Data Sheet—Tuesday, August 30, 2016


There’s a Silicon Valley backlash bubbling up. Not against the idea of Silicon Valley or what it represents, but against the actual geographic location.

Startups Try to Spread Outside of Silicon Valley,” the Wall Street Journal reports. “Tech Workers Are Increasingly Looking to Leave Silicon Valley,” Quartz writes. “The Case for Working in Silicon Valley and Living in the Rust Belt,” Bloomberg argues. “Bay Area Startups Find Low-Cost Outposts in Arizona,” The New York Times reports.

The clear reason is the out-of-control cost of living in the Bay Area. The average home price in Palo Alto, Calif., has doubled between 2011 and 2016, according to Zillow. A dilapidated 93-year-old home with no heating just sold for $4.5 million! (“This is your 10,000 Sq Ft opportunity to create your very own ‘dream home’ in the heart of Silicon Valley,” the listing gushes.)

At a certain point, the cost of doing business in the Bay Area negates the benefits of Silicon Valley’s capital availability, expertise, support system, and talent pool. Startups are coming around to that reality.

On Monday a VentureBeat columnist predicted that the Midwest will have more startups than Silicon Valley in five years. Non-Valley startups have been cheerleading for their budding ecosystems in Austin, Denver, Boston, Chicago, Seattle, Los Angeles, New York, and St. Louis for years. Along the way, each city has experienced its share of hype victims, unsung heroes, big exits, and big meltdowns.

Despite their low-cost allure, these up-and-coming startup cities have a way to go to catch up with the Valley: By my count, 57 of the world’s 174 privately held billion-dollar startup “unicorns” are based in the Bay Area. I think it’ll take more than five years for a Midwestern city to rival that feat. But if Palo Alto housing prices double again in that time, cities like Columbus, Ohio, or Ann Arbor, Mich., may not have to build their unicorns from scratch—enough may flee the Valley on their own.

Erin Griffith is a senior writer at Fortune. Reach her via email. Share this essay:


EU wallops Apple with $14.5 billion in back taxes. The trading block alleges that illegal breaks in Ireland enabled the tech giant to get away with paying just 1% on its European profits between 2003 and 2014.

The fine was actually brought by the EU's antitrust watchdog, because Margrethe Vestager believes deals like the one Apple had in Ireland have made it more difficult for local companies to compete. Investigations of several other similar deals are under way, including one between Luxembourg and Amazon. Plus, you can definitely expect Apple and Ireland to appeal. (Fortune)


IT spending will mushroom to $2.7 trillion. Despite a decline in big-ticket hardware sales, research firm International Data Corp. projects a 12.5% increase in spending on mobile technologies, analytics software, and cloud services by 2020. The three biggest spenders: manufacturers, telecos, and financial services firms. (Fortune)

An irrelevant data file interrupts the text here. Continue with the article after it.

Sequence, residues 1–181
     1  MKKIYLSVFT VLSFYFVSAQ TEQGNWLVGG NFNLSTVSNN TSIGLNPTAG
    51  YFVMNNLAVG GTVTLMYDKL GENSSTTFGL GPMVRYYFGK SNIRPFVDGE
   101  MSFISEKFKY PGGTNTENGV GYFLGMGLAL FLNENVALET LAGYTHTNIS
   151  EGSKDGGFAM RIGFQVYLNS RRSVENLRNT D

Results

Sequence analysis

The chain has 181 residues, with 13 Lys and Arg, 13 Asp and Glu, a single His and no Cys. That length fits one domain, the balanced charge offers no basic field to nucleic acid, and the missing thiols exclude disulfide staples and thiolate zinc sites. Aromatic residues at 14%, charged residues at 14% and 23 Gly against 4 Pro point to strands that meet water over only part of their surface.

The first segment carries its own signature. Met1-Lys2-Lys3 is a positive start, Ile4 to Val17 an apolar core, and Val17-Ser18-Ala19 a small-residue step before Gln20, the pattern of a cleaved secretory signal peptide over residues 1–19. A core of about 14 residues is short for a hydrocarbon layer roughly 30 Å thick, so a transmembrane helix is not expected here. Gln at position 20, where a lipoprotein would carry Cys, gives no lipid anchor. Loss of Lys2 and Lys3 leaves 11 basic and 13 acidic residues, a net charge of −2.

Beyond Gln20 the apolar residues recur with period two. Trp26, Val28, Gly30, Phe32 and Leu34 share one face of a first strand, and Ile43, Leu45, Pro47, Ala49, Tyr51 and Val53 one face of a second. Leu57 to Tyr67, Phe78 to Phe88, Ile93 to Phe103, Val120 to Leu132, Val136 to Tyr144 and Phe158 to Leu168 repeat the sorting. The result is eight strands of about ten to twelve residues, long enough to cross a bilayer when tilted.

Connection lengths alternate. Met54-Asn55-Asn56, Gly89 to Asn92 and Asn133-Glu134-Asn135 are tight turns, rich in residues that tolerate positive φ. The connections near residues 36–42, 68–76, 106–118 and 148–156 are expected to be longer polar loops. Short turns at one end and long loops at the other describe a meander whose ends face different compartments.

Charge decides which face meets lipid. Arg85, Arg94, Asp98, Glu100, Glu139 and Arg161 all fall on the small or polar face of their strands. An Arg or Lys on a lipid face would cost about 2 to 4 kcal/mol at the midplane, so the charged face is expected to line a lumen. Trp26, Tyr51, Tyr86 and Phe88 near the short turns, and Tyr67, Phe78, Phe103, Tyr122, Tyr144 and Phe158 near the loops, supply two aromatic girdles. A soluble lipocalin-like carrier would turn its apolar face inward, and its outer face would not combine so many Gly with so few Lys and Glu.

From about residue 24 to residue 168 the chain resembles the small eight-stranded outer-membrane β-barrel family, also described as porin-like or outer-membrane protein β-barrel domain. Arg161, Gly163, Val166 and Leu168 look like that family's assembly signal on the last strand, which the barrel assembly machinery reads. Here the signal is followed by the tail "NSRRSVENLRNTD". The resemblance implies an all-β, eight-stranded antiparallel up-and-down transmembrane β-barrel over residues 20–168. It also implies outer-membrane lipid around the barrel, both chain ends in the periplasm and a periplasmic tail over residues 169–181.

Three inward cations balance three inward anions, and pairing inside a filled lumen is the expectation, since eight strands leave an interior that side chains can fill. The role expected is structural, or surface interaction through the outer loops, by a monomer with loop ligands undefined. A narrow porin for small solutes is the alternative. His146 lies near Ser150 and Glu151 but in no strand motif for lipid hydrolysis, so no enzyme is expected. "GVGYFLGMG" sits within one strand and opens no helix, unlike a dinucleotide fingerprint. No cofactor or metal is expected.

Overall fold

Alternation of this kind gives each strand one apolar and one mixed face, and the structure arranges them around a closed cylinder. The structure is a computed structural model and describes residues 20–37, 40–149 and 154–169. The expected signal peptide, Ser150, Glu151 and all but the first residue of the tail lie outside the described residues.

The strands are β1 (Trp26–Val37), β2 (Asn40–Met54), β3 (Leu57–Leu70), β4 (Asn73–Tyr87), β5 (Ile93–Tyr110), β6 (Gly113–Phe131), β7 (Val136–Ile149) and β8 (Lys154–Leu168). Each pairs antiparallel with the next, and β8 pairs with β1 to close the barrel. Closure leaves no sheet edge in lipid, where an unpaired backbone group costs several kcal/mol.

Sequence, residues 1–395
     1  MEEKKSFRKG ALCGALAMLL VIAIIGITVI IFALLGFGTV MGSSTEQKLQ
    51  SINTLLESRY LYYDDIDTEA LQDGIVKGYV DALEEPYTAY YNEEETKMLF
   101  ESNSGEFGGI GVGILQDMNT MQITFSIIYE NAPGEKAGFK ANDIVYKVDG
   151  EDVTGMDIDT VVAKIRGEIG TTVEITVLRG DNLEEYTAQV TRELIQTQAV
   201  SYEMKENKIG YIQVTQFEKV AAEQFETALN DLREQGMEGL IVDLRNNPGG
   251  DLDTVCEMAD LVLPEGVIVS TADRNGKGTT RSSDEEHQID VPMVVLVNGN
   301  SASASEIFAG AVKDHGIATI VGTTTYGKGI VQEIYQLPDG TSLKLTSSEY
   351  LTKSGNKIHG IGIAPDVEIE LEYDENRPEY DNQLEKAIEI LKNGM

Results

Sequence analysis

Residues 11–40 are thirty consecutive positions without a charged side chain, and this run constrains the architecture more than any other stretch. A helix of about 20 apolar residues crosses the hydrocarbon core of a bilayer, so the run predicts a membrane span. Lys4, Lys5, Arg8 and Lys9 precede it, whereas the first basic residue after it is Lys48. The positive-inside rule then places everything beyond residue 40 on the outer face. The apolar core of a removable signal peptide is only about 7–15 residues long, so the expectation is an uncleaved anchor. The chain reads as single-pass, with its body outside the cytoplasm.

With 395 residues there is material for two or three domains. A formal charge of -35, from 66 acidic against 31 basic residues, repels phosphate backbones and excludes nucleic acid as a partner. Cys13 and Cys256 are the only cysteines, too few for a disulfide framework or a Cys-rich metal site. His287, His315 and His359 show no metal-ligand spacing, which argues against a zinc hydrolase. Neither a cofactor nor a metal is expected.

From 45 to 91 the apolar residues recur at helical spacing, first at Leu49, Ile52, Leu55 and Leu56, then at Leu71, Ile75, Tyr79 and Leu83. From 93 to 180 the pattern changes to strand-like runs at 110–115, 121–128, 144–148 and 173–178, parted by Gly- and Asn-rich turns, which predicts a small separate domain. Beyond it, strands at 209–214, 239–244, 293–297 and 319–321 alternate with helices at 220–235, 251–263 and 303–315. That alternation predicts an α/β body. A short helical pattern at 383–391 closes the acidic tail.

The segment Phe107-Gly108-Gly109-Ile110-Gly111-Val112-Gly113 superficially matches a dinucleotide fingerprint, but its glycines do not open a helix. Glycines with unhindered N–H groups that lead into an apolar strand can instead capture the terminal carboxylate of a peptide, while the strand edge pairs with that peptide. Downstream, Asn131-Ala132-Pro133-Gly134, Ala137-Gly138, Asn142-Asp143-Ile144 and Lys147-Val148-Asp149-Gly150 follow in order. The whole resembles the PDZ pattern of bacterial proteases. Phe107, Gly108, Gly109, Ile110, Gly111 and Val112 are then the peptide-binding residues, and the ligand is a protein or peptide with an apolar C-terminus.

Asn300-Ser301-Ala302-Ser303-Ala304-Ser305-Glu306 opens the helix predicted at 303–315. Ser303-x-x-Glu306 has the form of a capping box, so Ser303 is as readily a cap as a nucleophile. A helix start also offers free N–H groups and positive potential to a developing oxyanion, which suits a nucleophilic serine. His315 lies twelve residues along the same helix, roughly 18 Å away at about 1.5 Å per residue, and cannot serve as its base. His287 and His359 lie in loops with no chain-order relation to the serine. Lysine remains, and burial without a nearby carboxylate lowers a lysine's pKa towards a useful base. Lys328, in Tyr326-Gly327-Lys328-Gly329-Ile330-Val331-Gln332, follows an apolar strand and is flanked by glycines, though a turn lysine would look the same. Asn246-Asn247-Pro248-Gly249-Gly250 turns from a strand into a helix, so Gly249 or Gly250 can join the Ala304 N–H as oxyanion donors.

VMware takes another swing at cloud strategy. The company's new approach centers on its new offering due in the third quarter called Cloud Foundation, which is a service that helps businesses move applications between internal data centers and cloud computing services, such as those offered by Amazon Web Services and Microsoft. Its first big partner for the initiative is IBM. (Fortune)

Post-buyout Dell will prioritize "private" clouds. Michael Dell believes many companies will assemble their own cloud services within their own data centers, rather than using public offerings from Amazon, Microsoft, or Google. He wants Dell Technologies (as the post-merger company will be known) to be the leader in supplying the servers and storage hardware for those "private clouds." He remarks came during a speech Monday at VMware's customer conference. Dell's $60 billion acquisition of EMC should be complete within a matter of weeks, if not sooner. (Wall Street Journal)

Uber-Alphabet rivalry intensifies. David Drummond, the senior vice president of corporate development and chief legal officer for Google's parent company, resigned his Uber board position after being barred from meetings. The reason? Conflicts of interests, including the two companies' competing agendas for self-driving cars. (Fortune, New York Times)

And now, the Apple speculation will achieve overdrive. The tech giant's next big product launch is officially scheduled for Sept. 7 in San Francisco. You can anticipate details on the iPhone 7 and maybe early hints about a new iPad (meant for businesses) and a MacBook notebook overhaul. (Fortune, Bloomberg)

Fitbit revamps fitness trackers. It introduced two new models, including the $150 Charge 2, which updates the best-selling devices on the market. (Fortune)

Cybersecurity firm raises $50 million after postponed IPO. The new round for LogRhythm, which led by Riverwood Capital, raises total funding for the company to $120 million. The company, which sells intrusion detection technologies, had hoped to go public in the second half of last year. (Reuters)


Why Getting Rid of Human Editors Won't Solve Facebook's Bias Problem, by Mathew Ingram

How Alphabet's Nest Helps Utilities Cope With Summer Heat Waves,
by Katie Fehrenbacher

Startup Glint Uses Artificial Intelligence to Tell What Your Employees Think, by Heather Clancy

What Obama's New Proposal Would Mean for Immigrant Entrepreneursby Jeremy Quittner

Meet the Couple Who Paid $815K for a Rare Apple I Computer, by Don Reisinger


Mark Zuckerberg meets the Pope. The Facebook CEO's gift to the pontiff? A solar-powered drone that could bring Internet connectivity to developing countries. (Fortune)

This edition of Data Sheet was curated by Heather Clancy.

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